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Christopher Key, left, with cardboard image of Donald Trump

Ex-con, anti-vaxxer, and king of the village of nincompoops, “Vaccine Police” leader Christopher Key is giving out advice on his latest nontreatment treatment for COVID-19. He says it is the “antidote,” and we hope you’re sitting down for this. Yes, folks, it’s … ”urine therapy.”

That’s right: Instead of taking a safe and effective vaccine, Key is telling his bonehead followers to buckle up and take a big sip of their own liquid gold.

“The antidote that we have seen now, and we have tons and tons of research, is urine therapy. Okay, and I know to a lot of you this sounds crazy, but guys, God’s given us everything we need,” Key said in a video posted over the weekend on his Telegram account.

“This has been around for centuries,” he added.

Key—who was recently released from jail in Birmingham, Alabama, over a criminal trespassing charge—admits that what he’s saying might seem a bit “cray cray.” But he went on to tell a small group of his followers to “drink urine” because “this vaccine is the worst bioweapon I have ever seen.” He concluded with: “I’m not a medical doctor and I’m not telling anyone to drink their own urine, but I drink my own urine. And I’ve been drinking my own urine for the last 23 years and I’m still alive. And I drink chlorine dioxide!” The concludes with a brief sales pitch on chlorine dioxide.

So here’s where I’d like to interject a quick travel story from when I was on my honeymoon in Thailand in 2018.

My husband and I started our trip in Bangkok. After a pleasant taxi ride and small talk with the driver on our second day in the city, we asked if the driver would take us to Ayutthaya the following day. We wanted to see the historic Grand Palace and a famed sculpture of a Buddha head embedded in a Banyan tree.

He agreed, and the next morning he was at our hotel sitting in the lobby.

We drove the hour to Ayutthaya and walked around the palace grounds in the blazing hot sun. We saw the Buddha and it was truly amazing. On the way back, our driver was talking a lot and it became difficult to understand with his thick Thai accent, so we got out our Google translate to communicate better.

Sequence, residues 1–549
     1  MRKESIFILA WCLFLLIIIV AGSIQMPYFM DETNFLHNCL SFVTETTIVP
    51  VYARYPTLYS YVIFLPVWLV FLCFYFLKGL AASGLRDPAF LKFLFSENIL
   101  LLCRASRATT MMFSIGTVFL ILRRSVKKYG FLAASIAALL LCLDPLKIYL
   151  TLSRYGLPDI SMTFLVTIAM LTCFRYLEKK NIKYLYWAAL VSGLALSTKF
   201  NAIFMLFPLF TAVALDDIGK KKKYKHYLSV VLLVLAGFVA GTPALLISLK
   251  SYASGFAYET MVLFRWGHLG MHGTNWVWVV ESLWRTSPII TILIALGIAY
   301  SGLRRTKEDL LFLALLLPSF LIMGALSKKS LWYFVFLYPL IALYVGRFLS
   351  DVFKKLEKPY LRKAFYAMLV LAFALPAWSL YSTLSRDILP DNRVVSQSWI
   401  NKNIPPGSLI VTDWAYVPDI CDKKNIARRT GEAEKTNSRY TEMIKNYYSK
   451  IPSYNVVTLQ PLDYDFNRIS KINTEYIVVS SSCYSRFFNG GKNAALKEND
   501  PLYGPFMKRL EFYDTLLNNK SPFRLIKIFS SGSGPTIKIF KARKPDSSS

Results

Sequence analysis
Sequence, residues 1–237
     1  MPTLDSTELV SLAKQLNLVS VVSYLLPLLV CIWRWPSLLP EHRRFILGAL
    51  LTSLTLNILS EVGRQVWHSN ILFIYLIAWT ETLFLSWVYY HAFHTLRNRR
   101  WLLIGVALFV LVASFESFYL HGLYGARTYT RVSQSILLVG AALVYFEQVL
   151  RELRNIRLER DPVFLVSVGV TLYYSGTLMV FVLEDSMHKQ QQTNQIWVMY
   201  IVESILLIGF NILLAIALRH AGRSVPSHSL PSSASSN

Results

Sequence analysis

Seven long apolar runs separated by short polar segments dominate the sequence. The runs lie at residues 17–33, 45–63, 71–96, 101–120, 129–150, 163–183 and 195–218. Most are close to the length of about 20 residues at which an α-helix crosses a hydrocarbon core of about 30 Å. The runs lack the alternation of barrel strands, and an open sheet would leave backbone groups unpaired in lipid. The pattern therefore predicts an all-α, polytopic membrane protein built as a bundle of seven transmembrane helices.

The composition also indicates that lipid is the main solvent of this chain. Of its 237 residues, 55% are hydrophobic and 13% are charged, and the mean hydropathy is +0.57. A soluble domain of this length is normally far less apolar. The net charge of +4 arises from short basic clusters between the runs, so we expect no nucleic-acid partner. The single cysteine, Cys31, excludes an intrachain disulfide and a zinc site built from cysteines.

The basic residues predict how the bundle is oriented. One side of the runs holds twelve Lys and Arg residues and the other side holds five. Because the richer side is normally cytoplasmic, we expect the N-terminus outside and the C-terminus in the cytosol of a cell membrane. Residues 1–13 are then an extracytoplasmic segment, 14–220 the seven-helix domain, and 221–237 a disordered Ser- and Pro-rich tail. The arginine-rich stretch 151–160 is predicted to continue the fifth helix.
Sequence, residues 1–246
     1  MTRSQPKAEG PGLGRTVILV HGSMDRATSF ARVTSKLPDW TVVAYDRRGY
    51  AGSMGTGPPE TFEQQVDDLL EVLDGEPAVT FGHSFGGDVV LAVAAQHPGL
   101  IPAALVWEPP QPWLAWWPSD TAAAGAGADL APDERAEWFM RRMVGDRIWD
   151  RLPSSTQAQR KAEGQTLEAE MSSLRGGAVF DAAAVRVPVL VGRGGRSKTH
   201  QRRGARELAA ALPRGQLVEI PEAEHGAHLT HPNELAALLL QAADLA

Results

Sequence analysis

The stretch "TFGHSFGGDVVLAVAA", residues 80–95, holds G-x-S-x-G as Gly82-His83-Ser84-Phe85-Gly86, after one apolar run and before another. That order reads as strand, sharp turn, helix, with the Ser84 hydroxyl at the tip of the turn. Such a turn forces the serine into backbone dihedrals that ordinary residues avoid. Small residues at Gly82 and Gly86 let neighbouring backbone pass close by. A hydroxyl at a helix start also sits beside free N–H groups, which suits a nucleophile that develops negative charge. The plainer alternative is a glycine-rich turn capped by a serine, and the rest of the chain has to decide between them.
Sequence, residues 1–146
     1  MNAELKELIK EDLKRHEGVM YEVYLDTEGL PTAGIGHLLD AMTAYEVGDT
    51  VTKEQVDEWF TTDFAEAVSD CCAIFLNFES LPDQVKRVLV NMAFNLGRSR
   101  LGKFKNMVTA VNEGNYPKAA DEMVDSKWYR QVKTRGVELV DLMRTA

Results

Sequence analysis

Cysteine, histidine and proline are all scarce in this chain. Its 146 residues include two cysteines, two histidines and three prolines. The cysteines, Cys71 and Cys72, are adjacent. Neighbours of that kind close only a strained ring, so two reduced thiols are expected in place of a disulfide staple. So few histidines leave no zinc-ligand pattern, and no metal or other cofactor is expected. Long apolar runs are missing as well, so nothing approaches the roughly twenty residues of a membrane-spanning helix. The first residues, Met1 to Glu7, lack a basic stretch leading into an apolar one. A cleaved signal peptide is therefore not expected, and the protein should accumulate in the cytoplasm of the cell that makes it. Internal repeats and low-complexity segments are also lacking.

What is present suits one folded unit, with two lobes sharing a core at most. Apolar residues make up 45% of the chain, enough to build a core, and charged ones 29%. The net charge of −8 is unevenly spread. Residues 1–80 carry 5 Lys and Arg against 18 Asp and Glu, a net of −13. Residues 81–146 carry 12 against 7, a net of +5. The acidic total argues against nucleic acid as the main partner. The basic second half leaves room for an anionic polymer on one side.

During the drive back to our hotel, out of the blue, my husband asks the driver what the worst health issue was for Thai people. He answers quickly that it is HIV/AIDS, which is unsurprising as sex tourism in Thailand is a billion-dollar business.

We’d done our own research and learned that the Thai government had done a lot to combat the virus. As of 2014, all antiretroviral therapies were free to people living with HIV. Around 2018, the Thai Red Cross AIDS Research Center began offering PrEP, a preventative medicine for HIV, free to those who are at high risk.

But our driver told us that his answer to preventing HIV/AIDS was to drink his own urine. Now, we were convinced when he told us this that Google translation had lost its mind. But we asked him repeatedly, in Thai, if he actually drank his own urine, and repeatedly, he told us he and his family did. So that’s my story.

But back to Key. When he’s not guzzling waste matter, Key is on the road wearing a fake badge and an arsenal of weapons, hoping to arrest Democratic state governors over vaccine mandates.

According to The Daily Beast, Key has harassed several state officials and “served” people with packets of information that he insists prove his conspiracy that COVID-19 vaccines are “bioweapons.”

Key additionally carries a flamethrower, which he showed off in one of his many Telegram videos. And according to The Washington Post, Key went to a Walmart pharmacy in Springfield, Missouri, along with several of his followers in August to threaten pharmacists over giving out COVID-19 vaccines.

“What they’re doing is crimes against humanity,” he said in a live stream on Facebook. “And if they do not stand down immediately, then they could be executed. They can be hung in the state.”

He added: “If you allow one more shot in one more person’s body, you yourself will be executed in violation of the Nuremberg Code,” he said as he pointed to a Walmart employee standing nearby. “We don’t want that to happen to any of you guys at all. We love you guys. We want to keep you safe.”

Key has repeatedly referred to America’s Frontline Doctors, a group notoriously known for proliferating bogus claims about COVID-19. Key even falsely claimed that days after getting COVID-19 vaccines, 45,000 people died. This is, of course, completely untrue.

Reprinted with permission from DailyKos

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Jeff Danziger lives in New York City. He is represented by CWS Syndicate and the Washington Post Writers Group. He is the recipient of the Herblock Prize and the Thomas Nast (Landau) Prize. He served in the US Army in Vietnam and was awarded the Bronze Star and the Air Medal. He has published eleven books of cartoons, a novel and a memoir. Visit him at DanzigerCartoons.

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